4. In my city in Mexico, private schools in English instruction are the most sought out schools. They are expensive and highly quality US-type schools. It could almost be impossible to match the demographics. Schools here higher 35% US and Canadian Teachers. They look for cultural competency and teaching skills.
    But in the end we are still human. The discrimination is mostly toward local teachers, bad foreign teachers easily replace good local hires. The admin positions are mostly reserved for foreigners. We have a saying here in Mexico, “No one is a prophet in their own land.”
    So in my case, discrimination is actually toward the people that best match the demographics.

  5. Diversity is part of the classroom and cannot be avoided. I come from a classroom where there was majority hispanic students, then african americans, then asians, and then caucasians. This was usual to me but I loved it. I am an African American myself. Although majority of my students were hispanic, I was able to connect with them and teach them. I incorporated their culture into the classroom. We all learned from them, as they learned from other cultures. So I think that it is important to have diversity amongst the teachers, but a teacher does not have to be the same demographic as the student. As long as the different cultures are being respected and everyone is learning, then I think that there will be success.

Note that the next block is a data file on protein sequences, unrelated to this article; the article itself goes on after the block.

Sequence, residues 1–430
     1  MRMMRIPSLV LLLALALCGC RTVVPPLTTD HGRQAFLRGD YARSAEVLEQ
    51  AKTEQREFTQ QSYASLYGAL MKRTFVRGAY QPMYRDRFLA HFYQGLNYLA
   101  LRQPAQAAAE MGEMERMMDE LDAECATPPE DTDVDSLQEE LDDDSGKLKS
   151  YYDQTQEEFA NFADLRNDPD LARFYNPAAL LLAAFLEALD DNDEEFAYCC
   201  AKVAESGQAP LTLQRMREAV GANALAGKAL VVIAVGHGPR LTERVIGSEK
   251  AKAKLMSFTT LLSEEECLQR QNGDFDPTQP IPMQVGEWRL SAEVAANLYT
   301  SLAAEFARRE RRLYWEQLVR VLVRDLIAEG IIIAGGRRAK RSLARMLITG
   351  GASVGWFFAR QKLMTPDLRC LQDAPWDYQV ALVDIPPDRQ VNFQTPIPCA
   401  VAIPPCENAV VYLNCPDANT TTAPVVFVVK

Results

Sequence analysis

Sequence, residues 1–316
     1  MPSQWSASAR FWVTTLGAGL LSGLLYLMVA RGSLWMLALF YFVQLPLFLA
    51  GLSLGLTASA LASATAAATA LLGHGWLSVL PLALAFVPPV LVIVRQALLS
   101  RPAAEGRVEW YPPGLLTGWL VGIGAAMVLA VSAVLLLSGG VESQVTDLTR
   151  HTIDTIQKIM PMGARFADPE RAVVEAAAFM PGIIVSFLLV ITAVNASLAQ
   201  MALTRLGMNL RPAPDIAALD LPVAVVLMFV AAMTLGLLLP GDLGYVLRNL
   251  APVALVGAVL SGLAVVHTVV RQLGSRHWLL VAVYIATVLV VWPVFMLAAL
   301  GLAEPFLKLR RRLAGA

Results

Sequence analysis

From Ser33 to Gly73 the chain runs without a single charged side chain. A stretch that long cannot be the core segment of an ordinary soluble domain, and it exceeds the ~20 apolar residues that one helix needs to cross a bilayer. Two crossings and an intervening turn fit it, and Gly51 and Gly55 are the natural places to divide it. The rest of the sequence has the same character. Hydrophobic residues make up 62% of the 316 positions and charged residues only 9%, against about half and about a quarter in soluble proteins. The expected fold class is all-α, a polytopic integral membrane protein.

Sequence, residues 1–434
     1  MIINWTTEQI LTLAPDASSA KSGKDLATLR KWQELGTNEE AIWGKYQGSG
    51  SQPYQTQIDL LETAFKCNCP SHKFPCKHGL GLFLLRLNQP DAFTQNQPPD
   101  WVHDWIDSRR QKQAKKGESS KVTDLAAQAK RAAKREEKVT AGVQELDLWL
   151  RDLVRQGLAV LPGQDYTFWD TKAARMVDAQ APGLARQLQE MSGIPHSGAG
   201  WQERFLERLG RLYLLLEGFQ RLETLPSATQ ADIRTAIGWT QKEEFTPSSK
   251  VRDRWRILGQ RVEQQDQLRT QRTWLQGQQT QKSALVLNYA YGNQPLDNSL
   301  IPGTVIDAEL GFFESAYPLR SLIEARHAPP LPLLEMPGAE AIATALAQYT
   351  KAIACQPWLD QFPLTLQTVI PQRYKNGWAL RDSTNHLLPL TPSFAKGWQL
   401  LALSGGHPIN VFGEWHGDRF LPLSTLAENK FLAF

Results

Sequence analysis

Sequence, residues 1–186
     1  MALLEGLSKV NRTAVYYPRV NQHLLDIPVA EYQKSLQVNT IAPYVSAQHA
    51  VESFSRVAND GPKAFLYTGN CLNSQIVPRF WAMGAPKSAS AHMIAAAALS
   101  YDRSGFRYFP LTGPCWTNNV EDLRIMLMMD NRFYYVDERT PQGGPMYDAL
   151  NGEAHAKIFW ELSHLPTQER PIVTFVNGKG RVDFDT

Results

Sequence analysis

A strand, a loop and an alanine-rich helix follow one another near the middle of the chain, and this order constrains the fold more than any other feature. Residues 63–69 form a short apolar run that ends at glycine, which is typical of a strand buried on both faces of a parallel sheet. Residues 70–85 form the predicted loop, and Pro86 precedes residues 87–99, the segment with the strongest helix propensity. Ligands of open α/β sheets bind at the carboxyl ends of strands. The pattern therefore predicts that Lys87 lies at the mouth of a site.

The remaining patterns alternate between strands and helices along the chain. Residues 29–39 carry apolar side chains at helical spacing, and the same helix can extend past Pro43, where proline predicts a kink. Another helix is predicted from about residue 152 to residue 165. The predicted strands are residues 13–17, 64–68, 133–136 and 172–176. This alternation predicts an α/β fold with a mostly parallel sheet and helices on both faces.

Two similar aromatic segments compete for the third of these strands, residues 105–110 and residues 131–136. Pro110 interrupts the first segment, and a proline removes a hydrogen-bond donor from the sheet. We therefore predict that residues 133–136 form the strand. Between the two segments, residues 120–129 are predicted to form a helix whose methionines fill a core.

6. An interesting question… I don’t believe that simply because my ethnic or cultural background matches my students I am somehow a better leader. Leadership is much more complex than that.